Last week, DOJ announced that the individuals named in its November 2013 press release had agreed to pay $435,000 to resolve allegations regarding their participation in these schemes (the individuals agreed to pay $385,000 and $50,000, respectively).  More specifically, the two individuals were alleged to have: (1) conspired with domestic importers to submit false information to evade the duties; and (2) formed a company to act as the importer of record for the goods in an attempt to shield the real importers from liability.  A copy of the press release can be found here.

The significance of this settlement is that it highlights the government’s willingness to prosecute not only companies for customs noncompliance, but the individual employees involved in the noncompliance as well (one of the individuals here was a U.S. sales representative).  In announcing this settlement, Principal Deputy Assistant Attorney General Benjamin C. Mizer confirmed that the DOJ is “pursuing claims against anyone involved in a scheme to seek an unfair advantage in U.S. markets by evading duties on imported goods, including individuals who make such evasion possible by the businesses that import the goods”.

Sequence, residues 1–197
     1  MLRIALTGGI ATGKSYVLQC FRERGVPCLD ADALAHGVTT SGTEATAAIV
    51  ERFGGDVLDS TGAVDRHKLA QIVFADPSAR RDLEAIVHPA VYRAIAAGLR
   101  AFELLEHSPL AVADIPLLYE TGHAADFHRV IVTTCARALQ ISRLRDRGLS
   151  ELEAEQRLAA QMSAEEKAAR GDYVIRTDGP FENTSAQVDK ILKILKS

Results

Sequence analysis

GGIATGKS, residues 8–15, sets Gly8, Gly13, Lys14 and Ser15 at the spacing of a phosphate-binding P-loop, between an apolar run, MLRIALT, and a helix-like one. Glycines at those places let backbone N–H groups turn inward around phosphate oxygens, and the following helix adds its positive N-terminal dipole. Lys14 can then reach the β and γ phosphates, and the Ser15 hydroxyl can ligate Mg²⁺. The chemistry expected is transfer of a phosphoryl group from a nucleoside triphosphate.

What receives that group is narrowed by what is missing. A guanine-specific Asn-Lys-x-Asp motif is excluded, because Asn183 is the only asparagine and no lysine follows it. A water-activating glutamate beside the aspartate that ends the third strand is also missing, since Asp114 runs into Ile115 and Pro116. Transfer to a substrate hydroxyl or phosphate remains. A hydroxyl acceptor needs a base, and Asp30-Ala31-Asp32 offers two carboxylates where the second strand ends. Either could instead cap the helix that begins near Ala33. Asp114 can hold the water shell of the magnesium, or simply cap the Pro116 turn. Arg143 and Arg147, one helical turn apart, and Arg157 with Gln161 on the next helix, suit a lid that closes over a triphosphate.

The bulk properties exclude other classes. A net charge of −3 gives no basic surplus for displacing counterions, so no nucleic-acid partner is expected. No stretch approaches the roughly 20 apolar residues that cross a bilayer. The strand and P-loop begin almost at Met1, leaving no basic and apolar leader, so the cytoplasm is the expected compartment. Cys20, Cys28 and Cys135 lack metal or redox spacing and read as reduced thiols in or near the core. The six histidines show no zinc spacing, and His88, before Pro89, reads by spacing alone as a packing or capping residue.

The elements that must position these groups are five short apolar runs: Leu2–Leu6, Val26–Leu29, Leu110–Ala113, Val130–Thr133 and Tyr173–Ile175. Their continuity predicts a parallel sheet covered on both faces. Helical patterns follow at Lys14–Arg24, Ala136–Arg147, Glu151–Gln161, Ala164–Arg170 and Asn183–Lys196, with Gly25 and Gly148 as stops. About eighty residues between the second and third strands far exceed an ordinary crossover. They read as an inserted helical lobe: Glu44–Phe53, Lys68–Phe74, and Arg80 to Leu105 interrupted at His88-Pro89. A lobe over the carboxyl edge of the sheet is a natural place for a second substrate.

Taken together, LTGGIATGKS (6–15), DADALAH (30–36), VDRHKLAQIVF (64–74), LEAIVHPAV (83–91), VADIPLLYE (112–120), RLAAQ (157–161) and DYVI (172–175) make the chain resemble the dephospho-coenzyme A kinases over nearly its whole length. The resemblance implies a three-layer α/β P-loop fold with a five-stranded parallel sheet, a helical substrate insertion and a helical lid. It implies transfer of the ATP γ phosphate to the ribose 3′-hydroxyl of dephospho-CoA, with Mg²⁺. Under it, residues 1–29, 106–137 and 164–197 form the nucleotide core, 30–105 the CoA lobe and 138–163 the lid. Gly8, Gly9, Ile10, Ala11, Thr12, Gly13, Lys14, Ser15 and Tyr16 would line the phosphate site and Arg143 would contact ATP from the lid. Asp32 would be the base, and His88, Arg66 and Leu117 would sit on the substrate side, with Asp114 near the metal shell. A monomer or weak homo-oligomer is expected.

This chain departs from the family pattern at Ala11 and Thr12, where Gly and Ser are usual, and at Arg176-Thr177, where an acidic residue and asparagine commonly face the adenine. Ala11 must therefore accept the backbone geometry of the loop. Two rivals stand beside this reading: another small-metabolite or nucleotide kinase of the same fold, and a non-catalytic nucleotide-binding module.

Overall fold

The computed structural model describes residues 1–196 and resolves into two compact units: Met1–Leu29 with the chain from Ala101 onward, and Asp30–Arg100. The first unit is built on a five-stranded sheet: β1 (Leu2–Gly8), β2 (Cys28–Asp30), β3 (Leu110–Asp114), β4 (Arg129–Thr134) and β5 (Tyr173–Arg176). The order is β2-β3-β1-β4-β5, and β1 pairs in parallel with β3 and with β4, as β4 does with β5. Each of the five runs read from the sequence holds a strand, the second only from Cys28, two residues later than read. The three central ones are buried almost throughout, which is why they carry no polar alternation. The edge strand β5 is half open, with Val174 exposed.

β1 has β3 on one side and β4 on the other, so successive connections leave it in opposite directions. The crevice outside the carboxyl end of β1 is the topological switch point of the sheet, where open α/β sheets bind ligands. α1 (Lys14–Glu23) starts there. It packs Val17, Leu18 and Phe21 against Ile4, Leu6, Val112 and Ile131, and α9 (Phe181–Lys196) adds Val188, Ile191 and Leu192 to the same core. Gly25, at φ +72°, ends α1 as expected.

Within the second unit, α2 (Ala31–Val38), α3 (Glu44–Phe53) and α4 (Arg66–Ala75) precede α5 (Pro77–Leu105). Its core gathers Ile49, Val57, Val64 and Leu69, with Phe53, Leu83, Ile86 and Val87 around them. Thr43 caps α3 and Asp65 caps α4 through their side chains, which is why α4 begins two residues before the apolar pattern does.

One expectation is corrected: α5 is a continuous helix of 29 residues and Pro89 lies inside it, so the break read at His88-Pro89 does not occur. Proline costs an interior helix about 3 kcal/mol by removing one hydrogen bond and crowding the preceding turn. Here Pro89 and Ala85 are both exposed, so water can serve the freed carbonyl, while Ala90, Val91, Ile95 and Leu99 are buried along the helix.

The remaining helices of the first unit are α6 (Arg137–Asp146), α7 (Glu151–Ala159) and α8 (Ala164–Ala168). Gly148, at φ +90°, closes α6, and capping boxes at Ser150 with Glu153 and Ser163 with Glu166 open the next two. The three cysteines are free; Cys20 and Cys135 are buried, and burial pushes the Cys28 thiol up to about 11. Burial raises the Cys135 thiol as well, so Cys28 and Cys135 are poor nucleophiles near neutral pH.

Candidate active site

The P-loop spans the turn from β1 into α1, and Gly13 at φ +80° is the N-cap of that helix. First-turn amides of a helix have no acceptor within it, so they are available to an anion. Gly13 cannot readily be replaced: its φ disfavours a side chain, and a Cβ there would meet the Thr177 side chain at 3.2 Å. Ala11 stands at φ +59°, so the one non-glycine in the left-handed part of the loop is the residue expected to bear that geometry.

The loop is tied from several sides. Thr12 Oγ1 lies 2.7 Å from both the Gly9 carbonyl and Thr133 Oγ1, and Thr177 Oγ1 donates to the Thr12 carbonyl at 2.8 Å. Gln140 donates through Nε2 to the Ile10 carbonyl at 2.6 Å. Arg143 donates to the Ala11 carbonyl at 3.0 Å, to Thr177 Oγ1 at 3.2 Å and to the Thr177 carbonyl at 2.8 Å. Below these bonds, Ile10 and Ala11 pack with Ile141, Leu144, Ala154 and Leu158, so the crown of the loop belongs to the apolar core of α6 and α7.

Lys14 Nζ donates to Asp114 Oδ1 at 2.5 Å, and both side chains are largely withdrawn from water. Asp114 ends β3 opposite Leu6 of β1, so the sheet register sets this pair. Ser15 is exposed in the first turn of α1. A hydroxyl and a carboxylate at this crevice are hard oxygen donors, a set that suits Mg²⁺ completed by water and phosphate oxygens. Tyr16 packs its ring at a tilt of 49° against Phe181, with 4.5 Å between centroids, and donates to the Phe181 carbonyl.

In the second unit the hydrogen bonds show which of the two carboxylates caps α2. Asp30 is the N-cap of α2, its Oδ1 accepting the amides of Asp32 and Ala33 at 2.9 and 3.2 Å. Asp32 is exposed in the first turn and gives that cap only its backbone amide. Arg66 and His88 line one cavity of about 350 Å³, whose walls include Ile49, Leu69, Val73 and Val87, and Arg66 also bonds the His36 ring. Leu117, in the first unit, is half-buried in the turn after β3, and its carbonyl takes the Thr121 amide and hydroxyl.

We hope this is helpful.  If you have any questions, or would like to discuss these issues further, please let us know.

Best regards,

Ted

Government Procurement Rule of Origin-Related Qui Tam Action

Dear Friends:

We are writing to let you know about the settlement of a False Claims Act (“FCA”) case, involving country of origin claims for products sold to the U.S. government.

Earlier this week, the U.S. Attorney’s Office for the District of Maryland announced that a U.S. division of a Korean electronics manufacturing giant agreed to pay $2.3 million to settle allegations that it knowingly provided inaccurate country of origin information to the authorized resellers of its products.  This settlement stems from a qui tam suit filed in 2011 by a former employee.  A copy of the USAO’s press release if available here.

The underlying complaint alleged that from 2005 to 2013, the Company caused authorized resellers to resell certain products to the U.S. government under General Service Administration (“GSA”) Multiple Award Schedule (“MAS”) contracts in violation of the Trade Agreements Act (19 U.S.C.  § 2501, et. seq.) (“TAA”).  More specifically, the complaint alleged that the Company knowingly provided its resellers with false certifications regarding the origin of its products (i.e., certifications that its products were made in TAA-complaint countries, when in fact many of the products were produced in non-TAA countries, such as China).  The resellers relied on the Company’s certifications in making sales to the U.S. government under the MAS contracts.